Fundamental Forecast for GBP: Neutral
- GBP/USD Stages Larger Recovery on BoE Split; Focus Turns to UK CPI.
- British Pound Strengthens as Next Step Nears.
- British Pound Sentiment Sees Big Shift – Rallies Likely.
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The Bank of England hosted an interesting rate decision this week. No changes were made, and no rates were changed; but what was different was a dissenting vote within the BoE. Ms. Kristin Forbes voted for a rate hike and then explained the logic behind her decision in a follow-up article written for The Telegraph.
The big point of contention right now for the Bank of England is inflation; and the BoE is in a tough spot. The bank had taken a rather aggressive stance around the Brexit referendum. Little was certain in the days after Brexit, as we didn’t even know who would be in-office at 10 Downing Street after the surprise resignation of David Cameron: But what was known was that the Bank of England wasn’t taking matters lightly and would likely be stoking markets with dovish accommodation in the effort of proactively offsetting risks from the referendum. While GBP had started to recover in the days after Brexit, the impromptu press conference from BoE Governor, Mark Carney, in which he foreshadowed what the bank would do helped drag the value of Sterling right back down to the lows (GBP/USD was actually above 1.3000 at the time!). Mr. Carney said that ‘Brexit risks are starting to crystallize’ less than two weeks after the referendum.
In August the BoE launched a ‘bazooka’ of stimulus that entailed the bank buying a significant chunk of the Country’s corporate debt market, and this just depressed interest rates and the value of GBP even more. And the BoE warned that they could do more if need-be; so this was like a constant form of pressure that kept sellers around resistance to eradicate any form of a potential up-trend. In early-October, demand for the British Pound was so abysmal that the ‘flash crash’ happened when a dearth of buyers were unable to offset the rampant selling.
But inflation is unlikely to remain tame when a currency is shedding value at a breakneck-pace. Think of it from the perspective of a company importing products into that economy: If the British Pound falls by 20%, companies importing products from the United States or Europe are going to see a similar 20% hit to revenues, all factors held equal (because those producers have to exchange back-into their currency from a weakened GBP). And for many consumer retail companies, this could be the difference between profitability and losing money. So, to account for the dramatic drop in the value of GBP, producers would need to raise prices; and this is the initial signs of inflation. We started to see this theme come into the fray in early-November when the Bank of England had to upgrade their inflation forecasts just a couple of months after launching their out-sized bond buying program.
Initially the BoE appeared unmoved by those rising inflationary forces, claiming a relatively high tolerance for an ‘inflation overshoot’; giving the appearance that the BoE would remain dovish by stoking low interest rates until it was absolutely necessary to hike rates in the effort of containing inflation. And as the United States saw in the late 70’s with their own saga of stagflation, this can be a difficult prospect because once prices begin to rise, it can be difficult to stop, or even slow (Paul Volcker had to put the U.S. economy into recession with artificially elevated interest rates to stem ‘stagflation’ in the late 70’s).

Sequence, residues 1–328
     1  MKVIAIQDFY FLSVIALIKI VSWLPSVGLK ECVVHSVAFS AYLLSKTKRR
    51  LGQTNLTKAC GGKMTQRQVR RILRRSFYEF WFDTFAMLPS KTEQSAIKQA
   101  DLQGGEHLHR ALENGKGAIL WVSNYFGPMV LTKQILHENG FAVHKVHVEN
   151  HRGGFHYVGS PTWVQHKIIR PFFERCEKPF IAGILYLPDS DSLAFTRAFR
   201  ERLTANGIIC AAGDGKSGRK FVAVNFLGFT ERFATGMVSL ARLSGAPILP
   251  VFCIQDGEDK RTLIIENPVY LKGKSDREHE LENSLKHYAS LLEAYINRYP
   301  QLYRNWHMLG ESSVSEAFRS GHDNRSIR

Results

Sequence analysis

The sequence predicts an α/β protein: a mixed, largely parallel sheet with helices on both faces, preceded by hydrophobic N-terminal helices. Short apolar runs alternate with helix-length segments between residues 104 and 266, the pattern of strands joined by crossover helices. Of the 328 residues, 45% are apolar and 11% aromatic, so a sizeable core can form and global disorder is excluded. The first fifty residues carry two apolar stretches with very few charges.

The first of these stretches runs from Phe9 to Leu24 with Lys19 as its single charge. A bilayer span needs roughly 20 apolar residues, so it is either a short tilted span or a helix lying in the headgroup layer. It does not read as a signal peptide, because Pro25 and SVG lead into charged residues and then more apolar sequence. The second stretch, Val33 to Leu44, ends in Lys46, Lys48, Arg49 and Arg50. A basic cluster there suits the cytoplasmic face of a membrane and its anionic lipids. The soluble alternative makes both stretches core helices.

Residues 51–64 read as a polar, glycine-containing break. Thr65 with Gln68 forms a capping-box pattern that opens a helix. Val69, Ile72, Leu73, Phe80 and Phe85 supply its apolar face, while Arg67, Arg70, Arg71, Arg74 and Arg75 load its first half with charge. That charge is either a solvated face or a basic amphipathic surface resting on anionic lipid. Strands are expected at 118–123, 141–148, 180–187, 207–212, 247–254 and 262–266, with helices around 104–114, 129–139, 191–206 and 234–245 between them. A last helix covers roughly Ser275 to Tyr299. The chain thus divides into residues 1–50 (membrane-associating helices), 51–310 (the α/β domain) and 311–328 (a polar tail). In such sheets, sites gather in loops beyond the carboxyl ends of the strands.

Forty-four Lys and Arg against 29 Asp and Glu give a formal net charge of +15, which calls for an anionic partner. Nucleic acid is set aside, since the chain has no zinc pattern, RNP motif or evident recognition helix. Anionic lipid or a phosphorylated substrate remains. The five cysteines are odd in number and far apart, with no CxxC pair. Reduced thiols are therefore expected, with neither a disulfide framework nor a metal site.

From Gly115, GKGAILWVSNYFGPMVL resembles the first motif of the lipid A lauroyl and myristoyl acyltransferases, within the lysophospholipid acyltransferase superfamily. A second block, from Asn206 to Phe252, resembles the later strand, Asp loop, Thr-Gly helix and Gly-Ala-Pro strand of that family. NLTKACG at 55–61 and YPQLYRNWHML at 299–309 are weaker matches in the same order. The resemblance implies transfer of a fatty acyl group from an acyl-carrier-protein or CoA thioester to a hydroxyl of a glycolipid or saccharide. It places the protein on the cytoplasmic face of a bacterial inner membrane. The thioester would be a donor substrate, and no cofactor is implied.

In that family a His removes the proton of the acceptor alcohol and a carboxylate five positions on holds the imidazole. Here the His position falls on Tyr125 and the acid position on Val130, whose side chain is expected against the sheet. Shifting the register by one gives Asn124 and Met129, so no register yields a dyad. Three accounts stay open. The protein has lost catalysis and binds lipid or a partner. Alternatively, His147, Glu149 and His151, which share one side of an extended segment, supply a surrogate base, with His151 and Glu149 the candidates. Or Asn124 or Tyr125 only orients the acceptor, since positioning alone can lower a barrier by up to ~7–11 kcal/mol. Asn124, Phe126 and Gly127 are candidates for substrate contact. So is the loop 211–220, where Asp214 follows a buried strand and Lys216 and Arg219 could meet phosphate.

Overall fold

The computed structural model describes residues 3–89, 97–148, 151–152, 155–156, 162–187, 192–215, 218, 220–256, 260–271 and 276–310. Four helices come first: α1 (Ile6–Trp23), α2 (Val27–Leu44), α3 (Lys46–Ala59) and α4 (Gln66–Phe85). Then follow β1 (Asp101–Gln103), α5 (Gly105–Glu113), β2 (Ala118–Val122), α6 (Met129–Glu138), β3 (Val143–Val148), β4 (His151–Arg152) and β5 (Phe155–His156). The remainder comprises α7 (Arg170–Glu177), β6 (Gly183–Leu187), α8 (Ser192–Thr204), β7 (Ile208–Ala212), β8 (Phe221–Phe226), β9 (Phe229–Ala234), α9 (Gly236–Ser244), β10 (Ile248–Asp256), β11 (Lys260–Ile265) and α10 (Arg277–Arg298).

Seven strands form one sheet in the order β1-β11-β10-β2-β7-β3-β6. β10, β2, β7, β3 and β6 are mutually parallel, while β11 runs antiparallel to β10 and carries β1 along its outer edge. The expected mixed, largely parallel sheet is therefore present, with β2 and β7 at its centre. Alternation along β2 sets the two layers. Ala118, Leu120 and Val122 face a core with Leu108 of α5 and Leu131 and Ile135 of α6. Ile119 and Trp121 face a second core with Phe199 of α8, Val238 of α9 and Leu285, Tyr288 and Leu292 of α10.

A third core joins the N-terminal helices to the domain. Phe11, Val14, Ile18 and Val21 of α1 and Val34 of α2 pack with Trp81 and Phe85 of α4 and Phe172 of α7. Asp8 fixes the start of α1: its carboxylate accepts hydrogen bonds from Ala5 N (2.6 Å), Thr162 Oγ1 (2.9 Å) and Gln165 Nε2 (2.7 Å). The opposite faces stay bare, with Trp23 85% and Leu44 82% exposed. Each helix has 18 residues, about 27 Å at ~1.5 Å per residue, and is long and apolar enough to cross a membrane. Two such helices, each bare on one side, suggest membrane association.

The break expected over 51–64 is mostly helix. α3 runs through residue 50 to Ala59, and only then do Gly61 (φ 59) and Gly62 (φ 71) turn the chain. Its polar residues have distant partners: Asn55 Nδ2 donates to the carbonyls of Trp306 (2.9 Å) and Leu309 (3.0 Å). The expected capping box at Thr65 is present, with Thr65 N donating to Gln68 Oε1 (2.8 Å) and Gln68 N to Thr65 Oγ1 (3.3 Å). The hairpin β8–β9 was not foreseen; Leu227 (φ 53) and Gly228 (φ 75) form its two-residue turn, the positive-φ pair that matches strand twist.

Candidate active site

In January, we started to see a change around the BoE as the bank’s Chief Economist, Andy Haldane, called Brexit the BoE’s ‘Michael Fish’ moment. He remarked that the massive economic slowdown that the BoE thought would come from the Brexit referendum simply hadn’t yet shown up. And further, the radical actions taken in the immediate wake of the referendum exposed the British economy to the potential for higher rates of inflation down-the-road given the additional losses that these dovish moves provided to the currency’s spot rate.
At this week’s BoE rate decision, we saw the first vote for a rate hike post-Brexit, and this came from Ms. Kristin Forbes. The meeting minutes indicated that other members may vote for a rate hike in the coming months, and the reaction since that rate decision has been GBP-strength. In her testimonial, Ms. Forbes says that while Brexit will continue to dominate the news and public debate, the BoE remains steadfast towards their mandate of 2% inflation. She remarked that inflation is already very close to the bank’s target today; but the BoE forecast of 2.7% inflation within a year warrants attention.
While this may be signs of an initial shift within the BoE, it’s simply too early to prognosticate how many members of the MPC may join Ms. Forbes as a dissenting vote at near-term rate decisions. The next Super Thursday isn’t until May 12th, and this is when we’ll receive updated inflation forecasts. Until then, we’re likely going to be reading tea leaves in the effort of seeing just how strong inflationary forces might be in order to tip the BoE’s hand around those next rate decisions; and next week’s CPI print on Tuesday morning will be key for such a theme. Now that we’ve seen a slight shift within the BoE, market sensitivity to stronger forces of inflation could easily increase; bringing gains to GBP on stronger inflationary reads.
For the next week, the forecast on the British Pound will be held as neutral. More signs of confirmed inflationary forces will need to be seen before a bullish forecast can be initiated.